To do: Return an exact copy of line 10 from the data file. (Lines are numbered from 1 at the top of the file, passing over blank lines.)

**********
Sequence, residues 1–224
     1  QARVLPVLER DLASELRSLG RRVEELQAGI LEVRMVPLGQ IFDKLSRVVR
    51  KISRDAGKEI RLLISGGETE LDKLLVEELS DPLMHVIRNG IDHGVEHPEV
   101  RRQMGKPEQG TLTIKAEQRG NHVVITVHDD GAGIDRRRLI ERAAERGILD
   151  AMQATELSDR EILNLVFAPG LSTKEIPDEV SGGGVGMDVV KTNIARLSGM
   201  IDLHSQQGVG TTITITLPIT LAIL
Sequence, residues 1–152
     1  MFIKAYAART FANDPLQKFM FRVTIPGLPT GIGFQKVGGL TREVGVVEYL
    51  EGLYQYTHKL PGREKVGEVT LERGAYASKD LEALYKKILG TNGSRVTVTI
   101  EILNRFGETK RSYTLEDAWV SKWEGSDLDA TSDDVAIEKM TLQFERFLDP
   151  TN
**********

   101  EILNRFGETK RSYTLEDAWV SKWEGSDLDA TSDDVAIEKM TLQFERFLDP